The Horse Whisperer, by Nicholas Evans, is next up on our 100 Bestsellers List reading challenge. You can read Roberta’s kick-off description here.
This post contains spoilers.
The Horse Whisperer by Nicholas Evans
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The first line in The Horse Whisperer sets up the tone of the book quite well:
There was death at its beginning as there would be death again at its end.
After reading that line, how can you not read quickly through the first chapter to see who is going to die and how?
Horses And More
This story has all the components needed to suck you in: forbidden love, a life-threatening accident, a ruggedly handsome cowboy (Tom, the horse whisperer), a driven professional woman seeking healing for her daughter and herself (Annie), a teenage daughter in emotional pain (Grace), a supportive husband who fears he’s losing his family (Robert), and the big sky of Montana. Oh, and horses. Lots of horses.
While I’m not exactly a horse person, I liked almost everything about this novel. The characters were multi-dimensional, the storyline compelling, and the descriptions of Montana made me want to hop in the car and go see it for myself.
Initially I was shocked and angry with the story resolution. I wanted a fairytale ending, which, of course, wasn’t possible. “There would be death again at its end,” remember? (By the end of the book, I’d forgotten that tidbit of information.) The only question was, who would die?
Philosophy Of Life
Early in the book we learn Tom’s philosophy of life:
“I guess that’s all forever is,” his father replied. “Just one long trail of nows. And I guess all you can do is try and live one now at a time without getting too worked up about the last now or the next now.” It seemed to Tom as good a recipe for life as he’d yet heard.
In the next to the last chapter, Tom is brought face to face by the “next now” that his living “one now at a time” has created. Author Evans is pretty clear that Tom had options – he’s just not clear why Tom made the choice that he did. I was left wondering if Tom was really being altruistic in his final scene or if he took the easy way out of what had become a very messy situation.
Notwithstanding the ending, I really liked this novel. The writing was lyrical and I highlighted many quotes throughout that I thought had real depth to them. Here are a couple:
In chapter eight, Tom explains to his soon-to-be first wife why he is leaving college and going back to being a cowboy in Montana:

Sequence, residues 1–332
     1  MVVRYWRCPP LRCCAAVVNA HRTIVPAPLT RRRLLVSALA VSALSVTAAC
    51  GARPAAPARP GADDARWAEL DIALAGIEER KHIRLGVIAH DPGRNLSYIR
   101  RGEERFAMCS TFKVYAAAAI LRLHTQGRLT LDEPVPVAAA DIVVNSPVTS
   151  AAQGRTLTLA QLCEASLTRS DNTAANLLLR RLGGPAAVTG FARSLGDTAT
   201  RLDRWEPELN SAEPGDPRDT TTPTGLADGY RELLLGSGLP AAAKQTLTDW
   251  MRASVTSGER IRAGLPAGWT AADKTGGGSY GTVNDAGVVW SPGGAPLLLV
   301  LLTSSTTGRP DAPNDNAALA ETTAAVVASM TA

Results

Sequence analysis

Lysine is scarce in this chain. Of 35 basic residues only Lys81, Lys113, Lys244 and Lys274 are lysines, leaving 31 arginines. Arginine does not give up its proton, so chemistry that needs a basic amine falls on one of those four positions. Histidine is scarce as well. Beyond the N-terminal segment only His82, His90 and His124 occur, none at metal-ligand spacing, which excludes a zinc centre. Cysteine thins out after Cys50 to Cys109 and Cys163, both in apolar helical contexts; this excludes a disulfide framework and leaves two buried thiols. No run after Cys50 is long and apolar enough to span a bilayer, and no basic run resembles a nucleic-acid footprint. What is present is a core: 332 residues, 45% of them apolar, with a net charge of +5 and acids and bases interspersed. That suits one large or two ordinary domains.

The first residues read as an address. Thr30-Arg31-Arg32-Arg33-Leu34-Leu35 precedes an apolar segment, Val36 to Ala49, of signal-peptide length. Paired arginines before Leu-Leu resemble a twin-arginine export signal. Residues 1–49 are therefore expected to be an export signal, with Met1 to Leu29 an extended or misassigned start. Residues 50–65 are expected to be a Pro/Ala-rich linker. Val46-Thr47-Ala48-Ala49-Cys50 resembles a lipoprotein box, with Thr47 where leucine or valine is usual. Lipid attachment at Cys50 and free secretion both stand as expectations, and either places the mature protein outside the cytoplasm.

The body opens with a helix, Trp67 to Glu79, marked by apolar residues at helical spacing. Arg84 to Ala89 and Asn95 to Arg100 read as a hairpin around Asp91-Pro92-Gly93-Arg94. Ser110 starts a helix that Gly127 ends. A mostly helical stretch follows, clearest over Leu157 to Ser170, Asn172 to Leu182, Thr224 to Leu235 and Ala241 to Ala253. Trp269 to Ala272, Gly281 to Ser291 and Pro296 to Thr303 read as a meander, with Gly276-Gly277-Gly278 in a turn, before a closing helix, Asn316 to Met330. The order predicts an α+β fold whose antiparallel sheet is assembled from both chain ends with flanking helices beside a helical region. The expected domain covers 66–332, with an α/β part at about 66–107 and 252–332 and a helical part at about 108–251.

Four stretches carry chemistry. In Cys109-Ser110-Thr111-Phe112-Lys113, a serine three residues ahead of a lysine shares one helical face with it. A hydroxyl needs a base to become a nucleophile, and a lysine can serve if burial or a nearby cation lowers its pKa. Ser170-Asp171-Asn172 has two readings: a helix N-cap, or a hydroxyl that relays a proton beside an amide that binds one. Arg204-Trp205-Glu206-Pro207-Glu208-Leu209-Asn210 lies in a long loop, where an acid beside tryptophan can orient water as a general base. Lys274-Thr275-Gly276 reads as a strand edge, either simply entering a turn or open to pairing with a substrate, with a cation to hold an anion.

“When I was working as a hand, I just couldn’t wait to get back in at night to whatever I was reading. Books had a kind of magic. But these teachers here, with all their talk, well . . . Seems to me if you talk about these things too much, the magic gets lost and pretty soon talk is all there is. Some things in life just . . . are.”
In chapter twenty-two, Tom has just forced Grace’s horse Pilgrim through a process that both Annie & Grace perceived as emotionally cruel and designed to break Pilgrim’s spirit. Tom wants them to understand what really happened:
“He [Pilgrim] had the choice to go on fighting life or to accept it…. It was hard as hell, but he could have gone on. Gone on making himself more and more unhappy. But what he chose to do instead was to go to the brink and look beyond. And he saw what was there and he chose to accept it.”
“Sometimes what seems like surrender isn’t surrender at all. It’s about what’s going on in our hearts. About seeing clearly the way life is and accepting it and being true to it, whatever the pain, because the pain of not being true to it is far, far greater.”
Perhaps, at the end, Tom was simply seeing clearly the way life had to be for those he loved and being true to it.
Have you read The Horse Whisperer? We’d love to hear your thoughts!
- Book-beginnings, a discussion of the first line of the novel
- Karen’s review from a reader’s perspective
- Roberta’s review from a writer’s perspective
- After you finish the book, you might want to drop by to take our survey.
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90. The Orphan Master’s Son by Adam Johnson (2012) – Discussion begins March 27, 2017